Power is unpredictable. A car crashing into a pole or a small flaw in a transformer can cause a blackout or a surge strong enough to destroy most electronics in your home. Although rare, these events can knock your computer out when you need it most. It can even cause thousands of dollars of damage.
The solution is not any mere surge protector but instead an Uninterruptible Power Supply (UPS). These big, beefy units combine a high-quality surge protector with a backup battery that will keep electronics running through a blackout (for a short time, at least). Here’s what you need to think about before making the leap to a proper UPS.
How Many Outlets Do You Need?
Like a surge protector, a UPS only has so many outlets. That’s why you must determine how many devices absolutely must be plugged in. For small or home office purposes, that usually only amounts to a router, modem, and sometimes a mini server. However, for larger businesses, your needs might be greater. Generally speaking, it’s a good idea to buy whatever you need plus two, as that gives you some flexibility for the future.
However, keep in mind that many UPS units only provide surge protection on some ports. The outlets powered by the battery will likely be less than the maximum number of ports. Inexpensive options often cut costs by only providing battery backup to four or six outlets, leaving the remainder unpowered. That’s won’t be a problem for everyone, but it can be a nasty surprise if you learn about it the first time the power goes out. Fortunately, you’ll notice just by looking at the UPS whether or not it has ports without backup power.
Finally, if you’re using wired data connections, look for a UPS that provides protection for them as well. This includes both old-fashioned modem and newer Ethernet connections.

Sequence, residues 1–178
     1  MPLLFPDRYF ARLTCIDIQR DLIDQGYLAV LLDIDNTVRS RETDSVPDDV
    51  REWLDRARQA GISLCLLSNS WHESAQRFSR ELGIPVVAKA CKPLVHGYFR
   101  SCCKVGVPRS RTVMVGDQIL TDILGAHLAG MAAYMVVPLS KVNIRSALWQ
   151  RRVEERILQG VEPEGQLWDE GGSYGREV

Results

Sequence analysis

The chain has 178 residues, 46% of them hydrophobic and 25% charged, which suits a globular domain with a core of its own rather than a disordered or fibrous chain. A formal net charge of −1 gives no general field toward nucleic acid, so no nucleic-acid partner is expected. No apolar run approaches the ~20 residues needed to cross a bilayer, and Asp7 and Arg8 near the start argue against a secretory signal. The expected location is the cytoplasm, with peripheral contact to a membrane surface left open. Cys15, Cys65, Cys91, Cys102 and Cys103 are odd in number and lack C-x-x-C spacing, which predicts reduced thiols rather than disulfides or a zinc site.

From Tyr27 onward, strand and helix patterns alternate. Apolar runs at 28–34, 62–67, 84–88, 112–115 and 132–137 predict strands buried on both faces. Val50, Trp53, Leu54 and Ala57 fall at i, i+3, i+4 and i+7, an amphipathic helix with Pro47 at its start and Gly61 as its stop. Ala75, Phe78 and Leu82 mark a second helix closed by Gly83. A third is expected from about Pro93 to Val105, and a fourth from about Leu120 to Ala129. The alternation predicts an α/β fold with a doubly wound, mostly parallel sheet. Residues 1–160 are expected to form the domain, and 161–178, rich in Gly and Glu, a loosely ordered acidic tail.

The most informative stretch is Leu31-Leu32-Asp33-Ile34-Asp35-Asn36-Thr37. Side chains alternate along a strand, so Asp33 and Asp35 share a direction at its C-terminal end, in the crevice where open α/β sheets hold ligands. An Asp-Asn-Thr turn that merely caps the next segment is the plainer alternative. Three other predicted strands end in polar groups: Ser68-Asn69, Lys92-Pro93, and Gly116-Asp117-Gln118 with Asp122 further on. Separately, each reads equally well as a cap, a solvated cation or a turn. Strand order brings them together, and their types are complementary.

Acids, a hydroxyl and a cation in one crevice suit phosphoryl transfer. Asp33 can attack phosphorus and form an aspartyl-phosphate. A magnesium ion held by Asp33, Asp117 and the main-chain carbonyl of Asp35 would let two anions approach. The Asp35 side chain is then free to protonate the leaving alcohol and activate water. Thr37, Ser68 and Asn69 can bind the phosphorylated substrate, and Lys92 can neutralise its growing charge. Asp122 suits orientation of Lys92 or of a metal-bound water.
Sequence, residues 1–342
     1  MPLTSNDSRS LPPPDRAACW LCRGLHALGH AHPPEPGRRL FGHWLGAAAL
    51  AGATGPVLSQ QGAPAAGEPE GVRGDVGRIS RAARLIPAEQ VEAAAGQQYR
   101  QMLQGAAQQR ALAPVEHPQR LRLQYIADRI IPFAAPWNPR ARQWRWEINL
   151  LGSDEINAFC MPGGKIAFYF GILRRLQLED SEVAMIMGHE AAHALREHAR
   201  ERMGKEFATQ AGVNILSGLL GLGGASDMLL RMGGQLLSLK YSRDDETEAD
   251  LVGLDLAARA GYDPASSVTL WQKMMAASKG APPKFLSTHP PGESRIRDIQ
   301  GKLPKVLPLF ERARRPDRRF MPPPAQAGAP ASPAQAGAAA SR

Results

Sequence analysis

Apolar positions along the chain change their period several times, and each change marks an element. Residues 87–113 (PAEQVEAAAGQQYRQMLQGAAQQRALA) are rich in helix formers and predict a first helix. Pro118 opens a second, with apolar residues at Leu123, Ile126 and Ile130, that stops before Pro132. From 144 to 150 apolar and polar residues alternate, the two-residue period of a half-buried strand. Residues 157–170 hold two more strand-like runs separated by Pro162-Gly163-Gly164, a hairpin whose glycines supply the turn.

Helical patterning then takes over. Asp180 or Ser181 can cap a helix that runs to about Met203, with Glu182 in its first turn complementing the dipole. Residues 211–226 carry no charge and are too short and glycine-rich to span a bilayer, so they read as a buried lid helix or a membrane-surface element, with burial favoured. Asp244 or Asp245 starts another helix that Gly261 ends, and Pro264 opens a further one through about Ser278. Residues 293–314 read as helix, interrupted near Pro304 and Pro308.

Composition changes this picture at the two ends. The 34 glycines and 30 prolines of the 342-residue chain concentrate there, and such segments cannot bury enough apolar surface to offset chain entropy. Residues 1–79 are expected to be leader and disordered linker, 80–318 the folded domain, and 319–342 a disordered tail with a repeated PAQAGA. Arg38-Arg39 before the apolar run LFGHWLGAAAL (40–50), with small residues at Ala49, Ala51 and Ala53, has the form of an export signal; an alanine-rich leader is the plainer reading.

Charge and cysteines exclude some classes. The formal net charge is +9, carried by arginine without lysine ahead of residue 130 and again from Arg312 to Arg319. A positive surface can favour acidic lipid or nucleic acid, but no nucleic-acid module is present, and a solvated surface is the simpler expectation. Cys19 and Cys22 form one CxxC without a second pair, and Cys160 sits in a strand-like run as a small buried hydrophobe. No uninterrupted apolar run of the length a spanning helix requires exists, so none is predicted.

How Much Power Do Your Devices Require?
With your outlets handled, you’ll next have to ask yourself how much power the devices connected to the UPS will consume. If the devices need more power than the UPS can generate, they’ll go dead, even if the battery has plenty of energy remaining. Think of it like a computer’s power supply; if the wattage is lower than what the computer needs, you’re out of luck.
You can find out how much power your PC (or other equipment) uses with a wattmeter, which can be purchased online for about $15. Remember to check the consumption of everything that you need to power. If you want to power a desktop PC, for example, you need to add together the wattage of the computer and the monitor.
The amount of power supplied by the unit is often written just before the letters “VA” (or Volt-Amps). Unfortunately, it’s not possible to convert from VA to a recognizable number, like watts unless you know the Power Factor (PF) rating of a UPS. A very rough (and not usable) estimate would be to approximate VA as watts. So, for example, the CyberPower 1500VA can at peak, supply up to 1,500-watts of power if the PF is near 1. Lower power factors could result in a UPS that doesn’t supply enough juice — so you may want to purchase around 20% more VA than you need.
How Long Do You Need To Run On Battery?